September 25, 2013

Memo From St. Petersburg: People Are Talking About

From June 28 to October 31, 2014, the State Hermitage Museum will be hosting the 10th edition of Manifesta, the roving European contemporary art biennial. The biennial will be based in the newly-restored General Staff wing of the Hermitage, and coincides with the 250th anniversary of the museum’s founding by Catherine the Great.

There have been concerns, and even a police investigation, over cost overruns and quality of the General Staff reconstruction, reportedly about the glass roof installed over its internal courtyards. Nonetheless, the museum has been gradually unveiling its halls, and is focusing on promoting it as a venue for contemporary art to educate Russians about what they missed during the Soviet era. Look for an exhibition of Greek shipping magnate George Economou’s collection of German Expressionist art and works of post-World War I New Objectivity, which runs through January 20, 2014. The building will also be a showcase for Faberge Rooms honoring the legacy of Carl Faberge, jeweler to the tsars.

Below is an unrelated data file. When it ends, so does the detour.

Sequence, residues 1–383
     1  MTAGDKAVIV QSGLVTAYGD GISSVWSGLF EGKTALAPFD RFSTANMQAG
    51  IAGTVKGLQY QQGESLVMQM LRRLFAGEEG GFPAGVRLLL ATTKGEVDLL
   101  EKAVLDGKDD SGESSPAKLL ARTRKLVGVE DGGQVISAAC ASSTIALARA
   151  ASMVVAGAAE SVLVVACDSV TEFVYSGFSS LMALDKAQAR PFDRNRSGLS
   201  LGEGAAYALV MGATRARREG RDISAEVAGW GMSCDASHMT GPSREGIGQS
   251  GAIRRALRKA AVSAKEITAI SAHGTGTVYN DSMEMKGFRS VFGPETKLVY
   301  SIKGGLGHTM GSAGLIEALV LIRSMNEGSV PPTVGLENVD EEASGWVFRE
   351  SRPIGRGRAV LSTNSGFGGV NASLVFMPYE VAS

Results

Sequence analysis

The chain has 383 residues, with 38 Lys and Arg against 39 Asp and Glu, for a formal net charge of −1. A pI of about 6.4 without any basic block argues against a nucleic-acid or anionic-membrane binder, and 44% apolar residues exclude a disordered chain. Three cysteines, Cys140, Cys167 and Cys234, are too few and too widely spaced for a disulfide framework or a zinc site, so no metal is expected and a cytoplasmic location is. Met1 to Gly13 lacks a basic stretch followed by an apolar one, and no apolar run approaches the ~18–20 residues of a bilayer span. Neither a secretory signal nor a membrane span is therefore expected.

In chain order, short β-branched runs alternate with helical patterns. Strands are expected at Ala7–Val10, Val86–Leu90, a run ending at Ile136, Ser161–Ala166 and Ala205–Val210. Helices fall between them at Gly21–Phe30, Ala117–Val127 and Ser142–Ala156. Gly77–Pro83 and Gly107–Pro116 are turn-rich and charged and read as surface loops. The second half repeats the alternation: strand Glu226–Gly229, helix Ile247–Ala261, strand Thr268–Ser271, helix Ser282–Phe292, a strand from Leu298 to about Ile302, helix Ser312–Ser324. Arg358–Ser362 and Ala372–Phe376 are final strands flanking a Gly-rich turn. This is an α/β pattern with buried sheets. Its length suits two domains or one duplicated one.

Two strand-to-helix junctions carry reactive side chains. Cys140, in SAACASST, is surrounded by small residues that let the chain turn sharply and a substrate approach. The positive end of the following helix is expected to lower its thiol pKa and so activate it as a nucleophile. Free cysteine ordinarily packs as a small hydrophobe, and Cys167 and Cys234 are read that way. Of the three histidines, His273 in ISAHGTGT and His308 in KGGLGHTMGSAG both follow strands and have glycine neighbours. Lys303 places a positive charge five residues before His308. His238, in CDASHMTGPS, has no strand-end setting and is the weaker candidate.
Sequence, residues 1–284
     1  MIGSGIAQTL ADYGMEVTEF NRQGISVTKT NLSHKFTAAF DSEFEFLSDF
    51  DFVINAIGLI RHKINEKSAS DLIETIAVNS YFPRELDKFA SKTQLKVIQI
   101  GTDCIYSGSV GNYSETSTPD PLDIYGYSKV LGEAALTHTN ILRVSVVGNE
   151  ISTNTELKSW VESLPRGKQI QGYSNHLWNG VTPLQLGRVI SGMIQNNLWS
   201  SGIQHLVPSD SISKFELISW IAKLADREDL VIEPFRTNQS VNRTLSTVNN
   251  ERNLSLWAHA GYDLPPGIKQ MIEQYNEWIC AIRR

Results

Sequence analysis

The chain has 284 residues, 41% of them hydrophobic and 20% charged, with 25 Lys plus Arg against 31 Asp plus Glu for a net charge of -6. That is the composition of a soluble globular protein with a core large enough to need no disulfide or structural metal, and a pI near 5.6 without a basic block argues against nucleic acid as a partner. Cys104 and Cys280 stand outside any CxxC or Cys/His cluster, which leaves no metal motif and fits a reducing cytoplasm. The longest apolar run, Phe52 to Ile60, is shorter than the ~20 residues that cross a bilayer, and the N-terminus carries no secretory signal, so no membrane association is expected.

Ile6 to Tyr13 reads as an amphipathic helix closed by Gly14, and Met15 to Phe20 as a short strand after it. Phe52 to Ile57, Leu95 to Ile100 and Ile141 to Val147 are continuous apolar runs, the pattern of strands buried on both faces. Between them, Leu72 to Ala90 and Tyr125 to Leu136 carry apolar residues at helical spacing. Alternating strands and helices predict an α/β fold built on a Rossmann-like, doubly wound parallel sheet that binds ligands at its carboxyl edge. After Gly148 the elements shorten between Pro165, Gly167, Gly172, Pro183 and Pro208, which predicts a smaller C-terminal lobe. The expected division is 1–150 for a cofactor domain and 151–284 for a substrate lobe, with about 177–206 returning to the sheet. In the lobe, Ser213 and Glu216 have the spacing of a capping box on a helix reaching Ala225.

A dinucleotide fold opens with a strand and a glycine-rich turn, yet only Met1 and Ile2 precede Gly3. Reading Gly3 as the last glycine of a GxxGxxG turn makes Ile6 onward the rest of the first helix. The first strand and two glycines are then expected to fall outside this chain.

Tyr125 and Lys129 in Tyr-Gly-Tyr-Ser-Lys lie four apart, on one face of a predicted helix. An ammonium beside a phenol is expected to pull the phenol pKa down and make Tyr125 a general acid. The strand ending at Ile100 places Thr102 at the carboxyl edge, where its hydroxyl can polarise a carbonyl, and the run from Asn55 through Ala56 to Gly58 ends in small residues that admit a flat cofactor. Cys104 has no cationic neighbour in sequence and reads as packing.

Billionaire Viktor Vekselberg is also opening a Faberge museum this fall to display the Malcolm Forbes collection of Faberge eggs that he purchased in 2004 at an estimated cost of $120 million. The museum will be in the Shuvalov Palace, which Vekselberg has restored, near the State Russian Museum.

Preservationists and other civic activists are gearing up for battle over a city government plan to restore the city center, which they say is radical reconstruction in the guise of restoration. St. Petersburg Governor Georgy Poltavchenko has said that restoring the entire city center could cost 4 trillion rubles, roughly $126 billion. One of the pilot projects is in the New Holland district on the Kryukov Canal where billionaire Roman Abramovich and his partner Dasha Zhukova are developing a contemporary arts center at a former czarist naval yard. It had a two-year test run before shutting down this month for full restoration of the dramatic site, to be based on a concept by New York’s WORKac.

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